I would like to determine the Laurent series for the function

$$f(z) = \frac{1}{z(z-2)^3}$$

for two different domains




But, I am unsure when I am computing the Laurent series when I am to take into consideration the different domains. I use standard tricks such as taking out the $\frac{1}{z}$ term and rearranging the remaining term into the sum formula of the geometric series to compute the general Laurent series.

Thanks for all help!

  • $\begingroup$ Hi, cool question ! Involves some extra stuff rather than the standard tricks ! I left you a complete answer down below, make sure to work yourself around and see how you derive the formulas explained. $\endgroup$ – Rebellos Dec 6 '17 at 1:16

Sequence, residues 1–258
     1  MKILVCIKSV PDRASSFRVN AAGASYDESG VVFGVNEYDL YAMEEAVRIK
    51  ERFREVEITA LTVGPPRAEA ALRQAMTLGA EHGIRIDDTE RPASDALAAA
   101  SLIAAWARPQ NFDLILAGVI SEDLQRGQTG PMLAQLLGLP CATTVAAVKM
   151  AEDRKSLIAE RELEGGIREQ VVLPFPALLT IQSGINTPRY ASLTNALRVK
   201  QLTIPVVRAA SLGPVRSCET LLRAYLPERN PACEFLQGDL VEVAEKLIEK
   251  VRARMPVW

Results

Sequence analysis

For $|z|>2$ :

$$f(z) = \frac{1}{z(z-2)^3} = \frac{1}{z[z^3(1-\frac{2}{z})^3]}=\frac{1}{z^4(1-\frac{2}{z})^3}$$

A known geometric series is :

$$\frac{1}{1-w} = \sum_{n=0}^\infty w^n ,\quad |w| < 1$$

From that, we can derive :

$$\frac{1}{(1-w)^3} = \sum_{n=0}^\infty\frac{1}{2}(1+n)(2+n)w^n, \quad |w|<1$$

So, applying that for $w=\frac{2}{z}$, we get :

$$f(z) = \frac{1}{z^4} \sum_{n=0}^\infty\frac{1}{2}(1+n)(2+n)\bigg(\frac{2}{z}\bigg)^n=\sum_{n=0}^\infty2^{n-1}(1+n)(2+n)z^{-(n+4)}$$

for $|\frac{2}{z}| < 1 \Leftrightarrow |z| > 2 . $

For $|z|<2$, we :

$$f(z)=\frac{1}{z(z-2)^3}= - \frac{1}{z(2-z)^3}= - \frac{1}{z}\sum_{n=0}^\infty2^{-(n+4)}(1+n)(2+n)z^n$$



which hols for $|z|<2$.

  • $\begingroup$ Thank you very much. I was ignoring when the geometric series converges. Clever variable substitution. $\endgroup$ – Kyle Dec 6 '17 at 9:09
  • $\begingroup$ @Kyle No problem ! The variable substitution is a common trick but finding the more complicated series from the usual geometric ones isn't that simple/common, so it was a nice problem ! $\endgroup$ – Rebellos Dec 6 '17 at 10:47

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